There are lots of ways to celebrate your first step into the adult, work-a-day world. You could buy yourself a fine suit and head to a fancy French dinner. Or you could dig out your old high school uniform and head out to Tokyo Disneyland.
“I heard some classmates did it, so I wanted to try myself,” says Akiko Shimizu, who last week marked the end of her four years in college with a pilgrimage to the Tokyo Bay theme park, dressed in the sailor uniform of her high school days. “It’s something I probably couldn’t get away with any later from now.”
Call it cosplay, but there’s something else behind the phenomenon called “seifuku (uniform) Disney,” which sprung up the past year Tokyo area campuses such as Waseda University, Aoyama Gakuin University and Shimizu's alma mater, Keio University.
Disneyland, already Japan’s most popular theme park, earned major points with the public last year with its conduct during and after the Great East Japan Earthquake of March 11. As the ground shook, staffers there soothed the crowds, providing food and temporary shelter for those unable to make it home when the traffic system halted. Despite some serious damage, the facility reopened on April 15--providing not only diversion but also an example of back-to-normal fortitude to people still dealing with aftershocks and radiation fears. Despite its temporary closure, the park still drew 25,347,000 visitors the past fiscal year, according to operator Oriental Land Co., slightly less than the year before. Still, it set a record of 14,608,000 guests in the second half of the year alone.
For Shimizu and her four friends last week, revisiting the park in uniform was one way of returning to an ideal time, far removed from the black “recruit suit” outfits and impersonal interviews that college students are put through in order to land a job.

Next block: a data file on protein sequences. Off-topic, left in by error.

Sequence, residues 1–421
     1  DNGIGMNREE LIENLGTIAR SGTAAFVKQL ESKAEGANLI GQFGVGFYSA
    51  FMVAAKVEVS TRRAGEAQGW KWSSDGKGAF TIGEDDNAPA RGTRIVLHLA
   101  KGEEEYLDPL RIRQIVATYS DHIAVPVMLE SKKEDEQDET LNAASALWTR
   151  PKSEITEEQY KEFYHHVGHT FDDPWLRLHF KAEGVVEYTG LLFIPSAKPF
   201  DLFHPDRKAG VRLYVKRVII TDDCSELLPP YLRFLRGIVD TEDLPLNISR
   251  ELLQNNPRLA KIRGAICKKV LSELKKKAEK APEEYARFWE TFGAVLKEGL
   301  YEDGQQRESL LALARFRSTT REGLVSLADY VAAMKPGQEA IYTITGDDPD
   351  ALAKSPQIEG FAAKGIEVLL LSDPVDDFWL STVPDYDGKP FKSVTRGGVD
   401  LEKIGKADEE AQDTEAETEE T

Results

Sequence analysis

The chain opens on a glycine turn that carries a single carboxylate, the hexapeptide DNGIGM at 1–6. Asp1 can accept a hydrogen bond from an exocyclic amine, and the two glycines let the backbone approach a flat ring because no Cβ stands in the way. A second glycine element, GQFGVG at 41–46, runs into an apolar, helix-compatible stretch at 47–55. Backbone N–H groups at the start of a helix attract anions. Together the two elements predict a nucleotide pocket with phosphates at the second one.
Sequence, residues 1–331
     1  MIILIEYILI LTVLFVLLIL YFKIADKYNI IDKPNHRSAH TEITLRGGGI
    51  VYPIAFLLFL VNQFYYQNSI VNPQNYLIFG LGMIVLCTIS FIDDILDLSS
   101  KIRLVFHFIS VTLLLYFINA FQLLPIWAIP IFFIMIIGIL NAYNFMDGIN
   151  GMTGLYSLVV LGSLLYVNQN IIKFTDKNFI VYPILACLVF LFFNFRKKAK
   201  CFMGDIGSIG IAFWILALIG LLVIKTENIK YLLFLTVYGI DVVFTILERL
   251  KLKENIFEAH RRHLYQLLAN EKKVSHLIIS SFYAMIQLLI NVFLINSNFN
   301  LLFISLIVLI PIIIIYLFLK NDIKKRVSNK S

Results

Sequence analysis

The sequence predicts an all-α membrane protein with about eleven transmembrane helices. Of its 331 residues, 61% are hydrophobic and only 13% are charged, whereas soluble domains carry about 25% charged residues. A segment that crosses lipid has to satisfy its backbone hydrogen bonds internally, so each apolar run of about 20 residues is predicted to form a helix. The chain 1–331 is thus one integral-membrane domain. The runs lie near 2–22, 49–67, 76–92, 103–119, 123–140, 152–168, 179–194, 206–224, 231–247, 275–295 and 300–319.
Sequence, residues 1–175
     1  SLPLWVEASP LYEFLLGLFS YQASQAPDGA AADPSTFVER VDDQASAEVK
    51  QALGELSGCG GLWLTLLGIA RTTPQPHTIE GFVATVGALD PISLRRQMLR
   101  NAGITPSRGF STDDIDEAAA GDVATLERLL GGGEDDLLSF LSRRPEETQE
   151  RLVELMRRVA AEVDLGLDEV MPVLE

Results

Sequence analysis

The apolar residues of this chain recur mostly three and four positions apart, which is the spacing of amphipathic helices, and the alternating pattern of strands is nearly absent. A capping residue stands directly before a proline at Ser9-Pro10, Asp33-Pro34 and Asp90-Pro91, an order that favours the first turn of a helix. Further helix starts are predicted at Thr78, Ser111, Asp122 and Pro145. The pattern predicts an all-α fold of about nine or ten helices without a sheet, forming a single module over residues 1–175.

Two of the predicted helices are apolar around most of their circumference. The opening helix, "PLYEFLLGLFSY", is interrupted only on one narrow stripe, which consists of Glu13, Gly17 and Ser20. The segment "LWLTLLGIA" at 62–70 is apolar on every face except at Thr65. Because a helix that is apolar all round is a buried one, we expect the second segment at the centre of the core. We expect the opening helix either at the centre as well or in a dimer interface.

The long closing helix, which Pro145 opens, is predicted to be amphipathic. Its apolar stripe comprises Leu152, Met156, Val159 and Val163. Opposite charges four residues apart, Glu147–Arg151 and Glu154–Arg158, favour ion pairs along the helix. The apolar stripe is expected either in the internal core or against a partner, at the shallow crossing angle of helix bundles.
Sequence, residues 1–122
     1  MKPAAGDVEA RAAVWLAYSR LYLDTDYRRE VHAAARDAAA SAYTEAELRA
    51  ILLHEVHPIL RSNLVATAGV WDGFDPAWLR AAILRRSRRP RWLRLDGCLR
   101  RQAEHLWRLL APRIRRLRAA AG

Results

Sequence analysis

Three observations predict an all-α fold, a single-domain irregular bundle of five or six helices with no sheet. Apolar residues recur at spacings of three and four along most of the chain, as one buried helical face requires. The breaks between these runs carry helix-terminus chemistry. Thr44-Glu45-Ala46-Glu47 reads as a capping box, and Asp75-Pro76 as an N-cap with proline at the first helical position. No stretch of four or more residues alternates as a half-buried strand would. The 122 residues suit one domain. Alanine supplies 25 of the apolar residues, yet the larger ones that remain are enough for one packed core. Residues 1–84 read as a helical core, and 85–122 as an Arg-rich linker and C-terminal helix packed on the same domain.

“When you’re a high school girl you’re treated like a treasure,” says the 22-year-old. “Your skin is smooth, you’re cute, and you’re special in a way no adult can be.” The cultural fixation comes through clearly enough in many a manga and anime. Shops meanwhile such as Harajuku COMOMi in Tokyo's trend-setting Harajuku district,, offer mix-and-match school uniforms. Amidst the usual clientele of teenagers who feel their own school uniforms lack flair, many visitors are adults wanting to relive their adolescent glory days.
“I really got to see how differently high school girls are treated,” says the collegian who, because of her uniform, managed to get into the park on a cheaper ticket. “I didn’t even need to show an ID, and staff in the shops seemed much more attentive.”
Instead of bringing back memories of cram schools and petty club rivalries, says Shimizu, the uniform brought back the giggles that she and her friends had nearly forgotten about as they prepare for the corporate grind and adult life.
“I think my friends and I realized just how narrow and limited our view of the world was back then, and that was fun” she says. “Exactly because it was so small, we were able to laugh at the littlest things.”
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